Look beyond the DTSA for a cybersecurity response
The recently enacted Defend Trade Secrets Act (DTSA) creates a federal cause of action and establishes new remedies for trade
But while the DTSA should help companies protect their trade secrets from wrongdoing by employees or competitors, it adds little to their efforts to protect electronic assets from hackers and other cybersecurity threats, says Mark Joy, a member in Leydig’s Chicago office.
“The DTSA is a very positive development – as far as it goes,” Joy says. “But not all electronic information qualifies as a trade secret; the DTSA and its remedies may simply be inapplicable in many data breaches.”
As such, data breach victims will need to look elsewhere to formulate an effective response.
Steps to take after a data breach
“An optimal response to a cybersecurity breach varies with the circumstances of each incident, but should never be delayed,” says John B. Conklin, a member in Leydig’s Chicago office. “Immediate action is required to mitigate any damage caused by the breach. The damage may not be immediate or obvious, but should not interfere with or delay a response.”
Within the first 24 hours:
- Contain the breach – Remove the intruder from the network and involve third-party forensic experts immediately. Their expertise will be critical for locating indicators of compromise, containing the breach, and helping with other specialized tasks, such as malware reverse engineering. Experts can also preserve evidence and help develop short- and long-term action plans. Companies should consider taking certain communications offline until they verify that the
- hacker no longer has network access.
- Seek legal counsel – Identify legal notification obligations and minimize litigation risks, which may include actions by state and federal authorities, as well as civil claims by affected consumers. Counsel should advise public relations professionals to ensure the company delivers a clear and consistent message to consumers and government authorities. Throughout the incident response, counsel should work closely with forensic investigators and IT personnel to review security gaps and develop future action plans. One benefit of involving legal counsel is that communications may be under privilege.
- Alert key internal personnel – Alert all incident response team members and appropriate company executives immediately.
- Document everything – Keep detailed records of the date and time the breach was discovered and reported; who discovered and reported it; the type of breach; and the names of anyone who may know of the breach.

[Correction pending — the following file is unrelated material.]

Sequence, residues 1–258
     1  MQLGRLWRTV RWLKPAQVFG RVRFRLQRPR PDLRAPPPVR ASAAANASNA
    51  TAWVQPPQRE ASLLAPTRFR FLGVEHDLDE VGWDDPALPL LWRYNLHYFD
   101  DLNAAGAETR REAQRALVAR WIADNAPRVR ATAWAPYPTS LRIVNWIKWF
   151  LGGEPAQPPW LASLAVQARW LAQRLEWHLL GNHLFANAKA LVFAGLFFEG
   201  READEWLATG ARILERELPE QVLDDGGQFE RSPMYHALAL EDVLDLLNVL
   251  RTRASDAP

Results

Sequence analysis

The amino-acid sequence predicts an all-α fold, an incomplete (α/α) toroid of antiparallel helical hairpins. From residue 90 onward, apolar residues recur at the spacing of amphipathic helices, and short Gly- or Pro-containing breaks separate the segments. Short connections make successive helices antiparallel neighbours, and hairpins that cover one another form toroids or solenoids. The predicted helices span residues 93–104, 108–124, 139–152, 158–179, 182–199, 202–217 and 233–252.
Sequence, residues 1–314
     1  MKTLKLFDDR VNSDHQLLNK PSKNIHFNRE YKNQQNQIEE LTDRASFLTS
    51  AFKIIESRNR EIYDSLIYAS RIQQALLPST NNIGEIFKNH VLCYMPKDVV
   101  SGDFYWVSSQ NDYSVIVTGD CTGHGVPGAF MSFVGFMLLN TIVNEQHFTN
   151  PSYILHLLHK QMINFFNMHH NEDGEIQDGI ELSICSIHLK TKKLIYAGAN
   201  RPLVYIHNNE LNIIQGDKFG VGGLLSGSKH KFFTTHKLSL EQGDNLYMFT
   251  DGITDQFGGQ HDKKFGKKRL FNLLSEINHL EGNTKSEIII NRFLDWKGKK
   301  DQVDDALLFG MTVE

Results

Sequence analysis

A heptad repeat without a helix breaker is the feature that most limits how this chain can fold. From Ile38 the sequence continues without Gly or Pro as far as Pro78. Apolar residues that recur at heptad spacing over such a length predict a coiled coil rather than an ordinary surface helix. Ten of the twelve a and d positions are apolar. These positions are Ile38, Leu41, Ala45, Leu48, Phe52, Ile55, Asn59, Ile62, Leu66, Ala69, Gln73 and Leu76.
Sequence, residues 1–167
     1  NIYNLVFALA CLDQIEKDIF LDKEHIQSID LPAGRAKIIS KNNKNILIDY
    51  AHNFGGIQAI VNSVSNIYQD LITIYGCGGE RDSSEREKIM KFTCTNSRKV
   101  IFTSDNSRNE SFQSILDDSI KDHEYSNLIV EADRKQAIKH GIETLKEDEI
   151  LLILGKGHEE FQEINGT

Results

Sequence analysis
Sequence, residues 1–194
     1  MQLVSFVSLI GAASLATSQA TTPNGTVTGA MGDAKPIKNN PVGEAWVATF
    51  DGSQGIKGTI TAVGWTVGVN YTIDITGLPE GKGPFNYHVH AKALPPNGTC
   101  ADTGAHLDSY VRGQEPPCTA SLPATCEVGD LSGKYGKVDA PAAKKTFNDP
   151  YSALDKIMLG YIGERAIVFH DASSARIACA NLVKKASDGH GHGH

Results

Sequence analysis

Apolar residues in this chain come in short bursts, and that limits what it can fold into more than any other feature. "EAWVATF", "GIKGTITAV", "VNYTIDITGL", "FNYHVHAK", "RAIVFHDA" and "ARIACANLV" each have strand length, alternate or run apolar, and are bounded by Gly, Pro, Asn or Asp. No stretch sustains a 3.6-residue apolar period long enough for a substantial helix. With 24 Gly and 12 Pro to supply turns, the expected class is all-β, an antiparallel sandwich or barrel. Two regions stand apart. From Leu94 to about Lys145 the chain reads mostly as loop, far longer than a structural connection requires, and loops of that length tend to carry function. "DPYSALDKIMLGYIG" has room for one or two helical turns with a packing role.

- Preserve data – “The stronger the preservation efforts, the clearer the picture of the hacker’s actions and extent of data exfiltration,” Joy advises. In addition, data preservation efforts will provide useful feedback for patching security holes, and will be looked upon favorably by regulatory bodies, which may be considering penalties or other adverse actions as a result of the breach.
- Prepare remediation – Remediation should include both short- and long-term plans. The short-term plan should focus on the current incident, such as removing malware, implementing security patches, blocking IP addresses, and rebuilding infected systems. In the long term, an incident can shed light on both specific and systematic security gaps, providing a unique opportunity to fortify network systems.
- Identify required notification – “Notification obligations can be one of the most vexing aspects of a data breach,” Conklin says. “A complex web of state and federal law governs notification, and those obligations can also vary by industry.” Notification to consumers and regulatory bodies, such as a state attorney general or the FBI, may be required. Companies should consider working with legal counsel to prepare notification templates before an incident.
- Manage communications – The PR damage after a data breach may eclipse any financial loss in court. Companies should therefore manage internal and external communications carefully to ensure a consistent and accurate message. Time statements to the public appropriately and track any media coverage. Customer service and other front-line personnel should receive specialized training tailored to the incident. It may not be possible to control the internal rumor mills, but remind employees that statements made on social media may exacerbate the harm.
- Review the incident – Once the dust settles, a company should thoroughly analyze the root cause of the breach, review its incident response, and use lessons learned to prevent future incidents. A forensic investigation may provide valuable feedback regarding network vulnerabilities, effective response elements, and areas for improvement.
Proactive steps before a breach
“Companies should not wait until a breach occurs before taking action,” Joy says. Develop a cross-functional incident response plan. To execute the plan, assemble and train an incident response team, involving technical, legal, and business personnel before a crisis hits so that sufficient time is available to test procedures and improve the response. Companies should conduct a risk assessment, preferably by an independent third party, which can lay the foundation for a comprehensive, dynamic plan and be refined through periodic tabletop exercises and simulation.